PluralEyes Discontinued – Pioneer in Syncing Videos Based on Waveforms

February 13th, 2023 Jump to Comment Section 17
PluralEyes Discontinued - Pioneer in Syncing Videos Based on Waveforms

PluralEyes, whose sole purpose was to sync audio to video, is being retired or entering into a ‘limited maintenance mode’, in corporate speak. But we will remember PluralEyes with fondness as it gave thousands of new content creators the ability to make lots of stuff. We look back at how it all started and why it’s coming to an end.

PluralEyes had a simple message which chimed with thousands of content creators. Image credit: Maxon

PluralEyes was launched in 2009 and it’s no coincidence that Canon’s 5D Mark II came out at around the same time. The MKII wasn’t designed as an audio product (although it did have a scratch audio track) but an imaging one with its full frame sensor creating creamy and beautiful footage. The camera became a no-budget music video creator’s favorite, but the only problem was synching the track with the video in the edit.

Almost like magic and without knowing anything about timecode, you could import footage and audio into FCP and access PluralEyes as a plug-in. Hit synchronize and watch your timeline shuffle together like a well-drilled line of soldiers; the DSLR video revolution had begun.

Of course, you could get synch by nudging your video around and using the shark fin-shaped clap you had shot at the start of the track but PluralEyes saved you so much time to carry on creating. And it only cost $149 from a small software company called Singular. Using hand claps was not always ideal, especially in documentary or animal behavior scenarios but also felt a little amateurish. (Editing this way will also drive you crazy.)

How did PluralEyes work?

The software cleverly matched up waveforms to attain sync, which is something you can manually do and did before PluralEyes turned up. But the software also worked in Multicam timelines, especially if you didn’t have working timecode. You have to use the audio you are getting from the camera; for instance, the small and low-quality electret microphone in the Canon 5D MKII was mostly good enough to create a waveform that PluralEyes could recognize but add in some loud ambient sound and you could have problems. Usually, people used a dual audio system with a separate recorder.

The great thing with the software was that it would synch everything up even if you’d stopped and started your recorder. If it couldn’t synch up tracks it would put those in a separate timeline for you to figure out; usually, this was B roll and similar wild tracks for other use.

Singular Software was also prolific in their software updates and all of the NLEs were happy to have their synch abilities on their timelines through the plug-in or extension route. The company was soon able to offer corrected sync over longer runs when recorded on inaccurate recorders. Correcting sync drift on longer clips was something even much more expensive recorders couldn’t do.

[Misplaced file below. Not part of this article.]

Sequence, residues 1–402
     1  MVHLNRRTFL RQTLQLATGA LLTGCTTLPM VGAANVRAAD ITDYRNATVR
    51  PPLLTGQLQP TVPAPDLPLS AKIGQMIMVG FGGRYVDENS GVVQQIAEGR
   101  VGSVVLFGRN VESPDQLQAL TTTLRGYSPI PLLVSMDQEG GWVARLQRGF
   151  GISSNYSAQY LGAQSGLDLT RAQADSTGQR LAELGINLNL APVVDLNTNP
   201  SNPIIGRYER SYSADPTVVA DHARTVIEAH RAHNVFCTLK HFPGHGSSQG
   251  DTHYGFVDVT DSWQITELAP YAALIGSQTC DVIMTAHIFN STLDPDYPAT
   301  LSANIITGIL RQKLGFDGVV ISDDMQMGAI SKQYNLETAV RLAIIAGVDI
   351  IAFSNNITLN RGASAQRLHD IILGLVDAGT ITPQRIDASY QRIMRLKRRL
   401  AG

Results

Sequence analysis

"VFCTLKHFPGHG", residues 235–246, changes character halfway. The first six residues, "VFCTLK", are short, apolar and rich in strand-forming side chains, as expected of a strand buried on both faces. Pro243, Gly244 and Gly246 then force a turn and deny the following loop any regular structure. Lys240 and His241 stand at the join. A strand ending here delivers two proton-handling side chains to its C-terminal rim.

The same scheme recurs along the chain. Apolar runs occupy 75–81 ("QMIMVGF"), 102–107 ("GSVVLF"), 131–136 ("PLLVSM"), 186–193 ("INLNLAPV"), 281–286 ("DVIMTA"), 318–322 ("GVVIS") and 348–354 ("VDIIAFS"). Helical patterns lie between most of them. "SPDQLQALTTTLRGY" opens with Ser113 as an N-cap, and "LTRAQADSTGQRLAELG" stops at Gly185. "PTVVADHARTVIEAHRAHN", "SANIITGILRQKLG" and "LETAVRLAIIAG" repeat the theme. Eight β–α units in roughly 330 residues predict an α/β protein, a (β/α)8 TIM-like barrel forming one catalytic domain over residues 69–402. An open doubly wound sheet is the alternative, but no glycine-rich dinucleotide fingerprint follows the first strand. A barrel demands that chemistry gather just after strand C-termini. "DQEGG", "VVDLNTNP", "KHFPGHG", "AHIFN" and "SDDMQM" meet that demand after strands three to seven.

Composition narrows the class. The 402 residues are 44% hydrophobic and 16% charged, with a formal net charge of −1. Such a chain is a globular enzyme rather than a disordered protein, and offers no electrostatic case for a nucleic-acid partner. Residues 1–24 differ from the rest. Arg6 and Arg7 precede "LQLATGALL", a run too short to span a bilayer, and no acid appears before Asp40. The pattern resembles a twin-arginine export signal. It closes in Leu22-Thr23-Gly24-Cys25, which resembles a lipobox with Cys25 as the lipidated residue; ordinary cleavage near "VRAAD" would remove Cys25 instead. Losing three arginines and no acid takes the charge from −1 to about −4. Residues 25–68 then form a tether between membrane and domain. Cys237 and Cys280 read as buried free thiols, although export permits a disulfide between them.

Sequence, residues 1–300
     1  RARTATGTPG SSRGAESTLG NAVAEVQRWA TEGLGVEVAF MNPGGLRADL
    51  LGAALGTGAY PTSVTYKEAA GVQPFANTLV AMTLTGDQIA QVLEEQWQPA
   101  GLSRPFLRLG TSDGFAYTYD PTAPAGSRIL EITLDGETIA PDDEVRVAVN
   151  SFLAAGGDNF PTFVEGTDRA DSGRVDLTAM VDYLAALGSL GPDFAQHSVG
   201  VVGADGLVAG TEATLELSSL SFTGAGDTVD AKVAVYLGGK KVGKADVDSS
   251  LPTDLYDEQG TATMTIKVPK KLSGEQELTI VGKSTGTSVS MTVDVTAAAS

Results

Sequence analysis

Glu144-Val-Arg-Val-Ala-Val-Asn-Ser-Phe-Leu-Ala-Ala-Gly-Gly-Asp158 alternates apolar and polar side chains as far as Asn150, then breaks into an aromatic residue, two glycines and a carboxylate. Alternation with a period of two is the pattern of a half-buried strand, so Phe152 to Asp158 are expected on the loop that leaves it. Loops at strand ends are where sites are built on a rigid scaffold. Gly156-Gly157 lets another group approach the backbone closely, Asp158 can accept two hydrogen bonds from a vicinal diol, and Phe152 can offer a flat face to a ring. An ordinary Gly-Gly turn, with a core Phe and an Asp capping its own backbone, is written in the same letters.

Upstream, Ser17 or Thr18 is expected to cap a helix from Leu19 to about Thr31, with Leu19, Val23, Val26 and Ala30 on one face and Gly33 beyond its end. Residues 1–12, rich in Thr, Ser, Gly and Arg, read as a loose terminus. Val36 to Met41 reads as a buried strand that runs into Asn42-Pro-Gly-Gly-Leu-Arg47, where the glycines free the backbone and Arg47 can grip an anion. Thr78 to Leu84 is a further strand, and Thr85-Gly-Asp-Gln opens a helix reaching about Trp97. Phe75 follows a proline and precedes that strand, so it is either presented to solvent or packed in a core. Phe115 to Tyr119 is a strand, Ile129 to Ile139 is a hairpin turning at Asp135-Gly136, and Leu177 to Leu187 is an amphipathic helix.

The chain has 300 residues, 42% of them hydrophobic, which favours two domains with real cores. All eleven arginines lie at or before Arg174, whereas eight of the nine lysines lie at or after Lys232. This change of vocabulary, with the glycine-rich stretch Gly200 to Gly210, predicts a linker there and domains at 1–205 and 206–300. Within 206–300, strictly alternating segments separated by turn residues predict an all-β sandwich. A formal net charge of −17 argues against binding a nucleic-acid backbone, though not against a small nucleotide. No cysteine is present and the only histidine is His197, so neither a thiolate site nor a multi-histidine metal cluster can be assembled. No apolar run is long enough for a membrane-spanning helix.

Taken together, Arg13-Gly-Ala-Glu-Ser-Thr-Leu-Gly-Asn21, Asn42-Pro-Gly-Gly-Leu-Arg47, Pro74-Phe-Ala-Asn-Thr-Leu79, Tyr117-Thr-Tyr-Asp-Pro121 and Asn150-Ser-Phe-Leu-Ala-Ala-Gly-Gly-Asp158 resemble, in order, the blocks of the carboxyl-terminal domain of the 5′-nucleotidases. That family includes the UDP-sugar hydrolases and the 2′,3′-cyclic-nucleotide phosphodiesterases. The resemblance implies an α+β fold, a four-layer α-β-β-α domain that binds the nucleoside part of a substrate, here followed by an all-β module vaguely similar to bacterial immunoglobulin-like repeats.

Their version 4 software was a major user interface design and was pared down to the most important jobs – we just wanted sync! See the video below.

Why is PluralEyes coming to an end?

The German software developer Maxon bought up Red Giant, the previous developer of PluralEyes, in 2020. They have stated that technical support and critical bug fixes will end on February 1st, 2024. This announcement from Maxon explains their thinking behind the slow death of the software but it’s also surprisingly honest.

“PluralEyes pioneered automatically syncing sound, providing video editors with fast and accurate capabilities when limited other options were available. These capabilities are now standard in most modern video editing tools.”

– Maxon

For those users of the software, Maxon at least point them in the direction of new types of sync software within NLEs, “Premiere Pro, Final Cut Pro X, DaVinci Resolve and Avid Media Composer all natively include syncing sound by waveform.” This is to say, the big editing companies eventually caught up with PluralEyes and developed their own waveform sync abilities. Maxon fails to say that the functionality of the syncing tools in these NLE’s in usually much more rudimentary compared to what PluralEyes was able to do.

However, we are not grumbling about corporate decisions and realize that all (good) things must come to an end.

But it’s true that in the content creation sphere PluralEyes will always be thought of as an important enabling tool for many non-technical and technical creators whose only urge was to produce programming.

And just to prove that PluralEyes was culturally relevant to those people, look at the video below and see history repeating itself with reference to the OG.

It would be great to hear from users of PluralEyes about how the software helped you out and how much you’ll miss it. Let us know in the comment section below.


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